Nobody ever wants to make travel insurance claims unless they really, really have to. Why? Because it’s troublesome, lah.
It’ll always be a hassle to fill up forms and rustle up the required documents, but just like waxing your legs, if you already know exactly what to do and how to prepare, the entire process can be relatively quick and painless — sup sup sui!
How to make travel insurance claims
So the thing about travel insurance is that people only remember it when something unpleasant messes up our travel plans. Then, we panic and scramble when the insurer asks for things like the purchase receipt of a DSLR bought 6 years ago.
Sound familiar? If yes, here’s a pro-tip — be familiar with what you can and can’t claim for, and make sure you have a rough idea of the supporting documents needed.
It’s good practice to have a copy of your insurance policy on your phone, so you can always check it as and when you need, even on the go. Some travellers also have a habit of snapping photos of their luggage and belongings before the trip, just in case anything gets lost, delayed or damaged.
The exact claim procedure will depend on your insurance provider, but generally, the process goes like this:
1. Contact your insurer as soon as possible.
Depending on your policy, there is usually a time limit as to how long you can wait to give written notice about your intention to claim.
Usually it’s 30 days, but even then you shouldn’t be taking your time. Remember that you may need to get others involved, like the police or your GP, and that will take time.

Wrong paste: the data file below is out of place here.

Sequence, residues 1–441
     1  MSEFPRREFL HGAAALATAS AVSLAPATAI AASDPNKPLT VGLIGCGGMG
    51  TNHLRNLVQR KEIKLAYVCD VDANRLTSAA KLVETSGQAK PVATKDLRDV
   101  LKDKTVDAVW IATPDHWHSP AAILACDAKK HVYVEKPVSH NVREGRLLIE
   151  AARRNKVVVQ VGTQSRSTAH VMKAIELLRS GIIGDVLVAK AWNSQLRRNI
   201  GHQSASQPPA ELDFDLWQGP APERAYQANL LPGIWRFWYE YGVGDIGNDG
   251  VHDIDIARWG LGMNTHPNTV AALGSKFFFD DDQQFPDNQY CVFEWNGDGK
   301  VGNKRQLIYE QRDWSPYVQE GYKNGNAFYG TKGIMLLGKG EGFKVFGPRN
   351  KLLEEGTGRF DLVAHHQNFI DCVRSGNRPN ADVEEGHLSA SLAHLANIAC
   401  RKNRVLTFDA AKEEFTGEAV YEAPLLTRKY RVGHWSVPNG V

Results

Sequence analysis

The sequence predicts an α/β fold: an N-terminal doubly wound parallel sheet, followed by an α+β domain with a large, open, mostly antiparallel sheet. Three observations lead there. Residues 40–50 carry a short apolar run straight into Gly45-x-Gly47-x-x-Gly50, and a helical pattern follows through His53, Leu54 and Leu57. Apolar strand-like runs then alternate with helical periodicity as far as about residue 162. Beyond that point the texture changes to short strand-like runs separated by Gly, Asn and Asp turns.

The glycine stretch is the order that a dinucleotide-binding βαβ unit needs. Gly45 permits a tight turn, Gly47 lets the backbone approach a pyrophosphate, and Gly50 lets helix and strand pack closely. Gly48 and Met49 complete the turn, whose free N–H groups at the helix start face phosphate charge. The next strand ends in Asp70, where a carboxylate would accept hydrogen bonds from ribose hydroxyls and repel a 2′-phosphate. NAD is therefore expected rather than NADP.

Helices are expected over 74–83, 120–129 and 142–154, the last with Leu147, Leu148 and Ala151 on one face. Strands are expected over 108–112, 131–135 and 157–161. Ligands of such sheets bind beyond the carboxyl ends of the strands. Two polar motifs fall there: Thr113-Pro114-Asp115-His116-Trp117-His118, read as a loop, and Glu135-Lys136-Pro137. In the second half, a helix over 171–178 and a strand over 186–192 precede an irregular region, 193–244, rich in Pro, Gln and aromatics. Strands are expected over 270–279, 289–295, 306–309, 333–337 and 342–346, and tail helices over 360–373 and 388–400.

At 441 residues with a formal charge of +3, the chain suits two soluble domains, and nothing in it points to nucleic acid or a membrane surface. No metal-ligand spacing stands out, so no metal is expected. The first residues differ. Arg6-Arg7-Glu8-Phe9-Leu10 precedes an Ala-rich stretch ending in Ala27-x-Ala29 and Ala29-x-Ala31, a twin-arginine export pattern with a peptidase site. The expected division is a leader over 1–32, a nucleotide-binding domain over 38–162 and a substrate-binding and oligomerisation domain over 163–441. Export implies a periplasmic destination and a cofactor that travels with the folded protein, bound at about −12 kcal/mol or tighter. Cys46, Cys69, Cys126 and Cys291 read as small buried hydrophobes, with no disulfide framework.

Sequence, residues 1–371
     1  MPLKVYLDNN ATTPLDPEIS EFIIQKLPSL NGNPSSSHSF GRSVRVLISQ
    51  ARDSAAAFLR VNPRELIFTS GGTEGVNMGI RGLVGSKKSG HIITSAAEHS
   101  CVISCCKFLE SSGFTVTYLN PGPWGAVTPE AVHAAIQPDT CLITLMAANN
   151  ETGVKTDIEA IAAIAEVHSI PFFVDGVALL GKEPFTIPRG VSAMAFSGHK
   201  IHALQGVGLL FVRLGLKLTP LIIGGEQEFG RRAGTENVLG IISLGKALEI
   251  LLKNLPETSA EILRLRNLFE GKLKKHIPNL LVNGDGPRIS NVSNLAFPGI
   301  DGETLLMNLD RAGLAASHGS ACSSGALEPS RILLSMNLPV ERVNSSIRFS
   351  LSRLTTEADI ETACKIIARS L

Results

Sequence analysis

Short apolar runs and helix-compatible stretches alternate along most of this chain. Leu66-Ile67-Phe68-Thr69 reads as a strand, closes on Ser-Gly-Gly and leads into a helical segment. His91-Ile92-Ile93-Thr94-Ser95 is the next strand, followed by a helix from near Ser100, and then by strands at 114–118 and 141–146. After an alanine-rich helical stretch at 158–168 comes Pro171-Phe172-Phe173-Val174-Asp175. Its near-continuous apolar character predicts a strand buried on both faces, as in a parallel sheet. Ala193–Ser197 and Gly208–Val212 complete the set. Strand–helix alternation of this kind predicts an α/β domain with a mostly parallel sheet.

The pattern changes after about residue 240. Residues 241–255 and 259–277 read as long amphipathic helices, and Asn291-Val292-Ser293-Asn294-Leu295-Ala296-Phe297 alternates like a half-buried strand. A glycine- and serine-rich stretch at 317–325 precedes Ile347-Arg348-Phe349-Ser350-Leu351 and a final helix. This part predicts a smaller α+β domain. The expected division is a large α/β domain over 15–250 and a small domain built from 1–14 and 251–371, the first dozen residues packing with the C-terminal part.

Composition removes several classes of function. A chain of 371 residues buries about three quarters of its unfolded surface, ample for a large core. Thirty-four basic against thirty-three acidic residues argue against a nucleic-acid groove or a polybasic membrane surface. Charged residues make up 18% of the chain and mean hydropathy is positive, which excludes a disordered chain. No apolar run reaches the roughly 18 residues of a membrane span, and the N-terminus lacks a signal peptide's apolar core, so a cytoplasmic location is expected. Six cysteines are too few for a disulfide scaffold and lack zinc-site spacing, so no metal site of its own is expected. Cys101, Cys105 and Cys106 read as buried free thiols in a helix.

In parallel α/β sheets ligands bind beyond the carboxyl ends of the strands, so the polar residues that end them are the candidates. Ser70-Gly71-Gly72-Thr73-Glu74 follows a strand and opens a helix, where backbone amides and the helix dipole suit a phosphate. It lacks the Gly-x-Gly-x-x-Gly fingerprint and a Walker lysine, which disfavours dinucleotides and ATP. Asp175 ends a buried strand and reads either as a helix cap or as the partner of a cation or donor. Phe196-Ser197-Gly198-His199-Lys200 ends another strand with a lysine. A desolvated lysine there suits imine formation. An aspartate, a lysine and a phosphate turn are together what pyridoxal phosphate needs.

2. Download and fill up the travel insurance claim forms.
Not all travel claims forms are made equal. Make sure you know what you’re claiming for – if you’re claiming on medical grounds, or if there was a delay or cancellation, or even if it’s both.
Choosing the right form is important because leaving any blanks in the form could cause delays in the claim process.
Also note that, for claims that are a result of illness, injury or death, you may need a GP or Specialist to fill up sections of the form for you. Yes, that means even if you’re claiming for travel cancellation due to sickness, you will need to get your GP or Specialist to certify that your illness did not exist, or that you were not aware of it, before booking the trip.
3. Prepare your supporting documents.
This is the biggest cause of delayed or rejected claims, so make sure you have everything you need before filing the claim.
Other than a completed claim form and a copy of the policy/certificate of insurance, you will also need to include your passport/itinerary to prove that you had travelled or at least made travel plans.
Then there’s a whole list of supporting documents you’ll need to provide depending on the type of claim you’re making.
|Type of travel insurance claim||Supporting documents needed|
|Personal accident and medical expenses||Original medical bills and receipts, medical report or discharge summary stating date, cause and nature of injury/illness, police report (for accidents)|
|Loss of personal belongings||Police report of lost items, property loss irregularity report, original purchase invoice and/or warranty card|
|Damaged personal belongings||Property damage irregularity report, photos of damaged items, diagnostic report from repairer stating cause and extent of damage, repair bill or quotation, original purchase invoice and/or warranty card|